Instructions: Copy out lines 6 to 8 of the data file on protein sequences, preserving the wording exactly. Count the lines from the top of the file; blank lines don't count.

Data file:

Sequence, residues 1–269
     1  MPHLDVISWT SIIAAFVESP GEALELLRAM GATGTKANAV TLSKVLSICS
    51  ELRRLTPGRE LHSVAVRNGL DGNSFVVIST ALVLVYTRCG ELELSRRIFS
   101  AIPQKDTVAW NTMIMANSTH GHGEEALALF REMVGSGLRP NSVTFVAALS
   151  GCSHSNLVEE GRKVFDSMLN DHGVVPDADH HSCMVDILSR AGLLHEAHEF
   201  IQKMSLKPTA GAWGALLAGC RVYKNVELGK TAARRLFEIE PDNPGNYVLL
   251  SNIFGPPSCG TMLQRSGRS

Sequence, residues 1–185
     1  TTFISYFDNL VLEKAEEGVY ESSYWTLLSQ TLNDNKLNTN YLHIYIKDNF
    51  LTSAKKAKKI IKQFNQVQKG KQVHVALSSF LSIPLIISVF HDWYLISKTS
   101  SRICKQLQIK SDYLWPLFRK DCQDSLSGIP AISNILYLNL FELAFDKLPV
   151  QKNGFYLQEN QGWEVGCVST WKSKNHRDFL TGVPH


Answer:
   201  IQKMSLKPTA GAWGALLAGC RVYKNVELGK TAARRLFEIE PDNPGNYVLL
   251  SNIFGPPSCG TMLQRSGRS

Sequence, residues 1–185